Building Capacity for Participatory Monitoring and Evaluation: Integrating Stakeholders’ Perspectives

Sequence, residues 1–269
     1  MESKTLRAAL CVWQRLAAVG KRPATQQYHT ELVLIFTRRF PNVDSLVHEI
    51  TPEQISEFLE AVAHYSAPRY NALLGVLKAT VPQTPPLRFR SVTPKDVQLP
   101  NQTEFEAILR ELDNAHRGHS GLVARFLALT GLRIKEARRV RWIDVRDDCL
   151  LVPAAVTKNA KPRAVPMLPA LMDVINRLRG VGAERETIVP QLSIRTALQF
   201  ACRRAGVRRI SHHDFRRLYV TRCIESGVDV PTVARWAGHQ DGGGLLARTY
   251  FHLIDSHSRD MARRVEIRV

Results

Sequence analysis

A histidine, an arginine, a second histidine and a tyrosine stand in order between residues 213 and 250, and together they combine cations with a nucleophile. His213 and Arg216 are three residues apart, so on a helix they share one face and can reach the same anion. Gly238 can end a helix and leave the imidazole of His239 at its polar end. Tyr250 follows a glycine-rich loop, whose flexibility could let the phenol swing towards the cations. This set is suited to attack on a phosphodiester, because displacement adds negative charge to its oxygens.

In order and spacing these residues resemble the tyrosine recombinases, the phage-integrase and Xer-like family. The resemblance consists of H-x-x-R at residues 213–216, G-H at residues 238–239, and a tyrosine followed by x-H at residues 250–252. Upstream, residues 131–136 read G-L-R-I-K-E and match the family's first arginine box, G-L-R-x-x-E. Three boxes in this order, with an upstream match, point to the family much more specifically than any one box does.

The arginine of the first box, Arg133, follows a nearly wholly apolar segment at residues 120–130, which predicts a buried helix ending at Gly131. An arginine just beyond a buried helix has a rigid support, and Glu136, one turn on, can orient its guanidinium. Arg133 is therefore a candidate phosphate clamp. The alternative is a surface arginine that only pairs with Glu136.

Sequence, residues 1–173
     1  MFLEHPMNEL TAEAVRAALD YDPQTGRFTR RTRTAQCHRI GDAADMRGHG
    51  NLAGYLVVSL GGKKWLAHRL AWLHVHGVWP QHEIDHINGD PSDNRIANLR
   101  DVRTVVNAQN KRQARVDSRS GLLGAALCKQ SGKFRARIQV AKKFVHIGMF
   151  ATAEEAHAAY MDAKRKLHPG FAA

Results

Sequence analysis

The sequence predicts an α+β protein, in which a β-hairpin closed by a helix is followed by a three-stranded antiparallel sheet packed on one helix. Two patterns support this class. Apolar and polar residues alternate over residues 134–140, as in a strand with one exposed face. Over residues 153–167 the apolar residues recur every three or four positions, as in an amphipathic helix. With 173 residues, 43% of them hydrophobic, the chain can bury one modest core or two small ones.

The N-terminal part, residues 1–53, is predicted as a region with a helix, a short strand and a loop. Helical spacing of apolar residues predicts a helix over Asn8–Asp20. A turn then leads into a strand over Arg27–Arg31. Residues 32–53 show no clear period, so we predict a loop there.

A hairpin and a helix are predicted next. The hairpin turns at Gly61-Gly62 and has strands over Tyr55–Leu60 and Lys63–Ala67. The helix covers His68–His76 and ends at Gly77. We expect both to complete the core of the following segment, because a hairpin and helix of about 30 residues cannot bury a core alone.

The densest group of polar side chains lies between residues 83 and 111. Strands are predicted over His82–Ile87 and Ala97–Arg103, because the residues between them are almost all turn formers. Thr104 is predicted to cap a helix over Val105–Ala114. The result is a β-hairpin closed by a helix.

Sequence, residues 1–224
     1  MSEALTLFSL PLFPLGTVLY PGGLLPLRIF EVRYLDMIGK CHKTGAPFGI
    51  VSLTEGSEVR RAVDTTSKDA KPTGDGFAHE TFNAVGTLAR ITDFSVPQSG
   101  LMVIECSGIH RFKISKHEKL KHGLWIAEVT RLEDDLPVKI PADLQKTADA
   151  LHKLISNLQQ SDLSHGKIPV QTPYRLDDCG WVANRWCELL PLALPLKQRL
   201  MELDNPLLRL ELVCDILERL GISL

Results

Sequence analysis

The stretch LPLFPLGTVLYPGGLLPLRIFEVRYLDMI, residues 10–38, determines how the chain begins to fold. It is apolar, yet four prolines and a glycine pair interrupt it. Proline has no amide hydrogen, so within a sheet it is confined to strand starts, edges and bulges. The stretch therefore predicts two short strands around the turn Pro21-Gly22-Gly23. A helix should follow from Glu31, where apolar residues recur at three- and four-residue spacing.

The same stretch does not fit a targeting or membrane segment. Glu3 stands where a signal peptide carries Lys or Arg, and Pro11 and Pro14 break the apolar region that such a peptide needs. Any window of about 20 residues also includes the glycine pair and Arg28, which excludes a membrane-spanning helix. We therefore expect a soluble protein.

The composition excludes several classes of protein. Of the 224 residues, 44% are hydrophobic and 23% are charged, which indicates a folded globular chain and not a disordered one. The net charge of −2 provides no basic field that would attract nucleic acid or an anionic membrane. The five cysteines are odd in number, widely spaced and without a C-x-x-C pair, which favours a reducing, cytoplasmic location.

The idea of participation in development and, with it, participatory methodologies have now become widely accepted internationally. The language of participation is used by multilaterals such as the World Bank and many United Nations agencies, as well as by bilateral donors. International non-governmental organizations (NGOs) have played an important role in catalysing the spread of participatory methodologies worldwide. In the recent past, research organizations have also embraced participatory approaches, innovation-system perspectives and systems thinking. Participatory approaches have the potential to substantially increase the downward accountability in the development process and to contribute to empowerment of civil society (Chambers and Guijt, 1995; Chambers, 1997, 2005). While many agricultural research and development (ARD) organizations have embraced these approaches, especially in planning and implementation (Maguire, 1987), they o�en revert to traditional models when the time for programme evaluation arrives (Abbot and Guĳt, 1998). Most evaluations in ARD organizations are conducted, with some exceptions, by consultants or outside researchers, rather than through participatory evaluation involving project stakeholders (Grundy, 1997). These evaluations are driven more by donor criteria and demands for accountability than by local needs and long-term interest in programme improvement. The shortcomings of such traditional evaluations are well documented and include evaluation questions developed by consultants and donors with a narrow focus; limited use of evaluation results for programme improvement; lack of capacitybuilding for mainstreaming evaluation practice into organizations; lack of integration of local knowledge to achieve programme improvement; and collection of data not responsive to the needs of programme staﬀ and stakeholders (Carden, 1997; Pa�on, 1997; Sanders, 2003).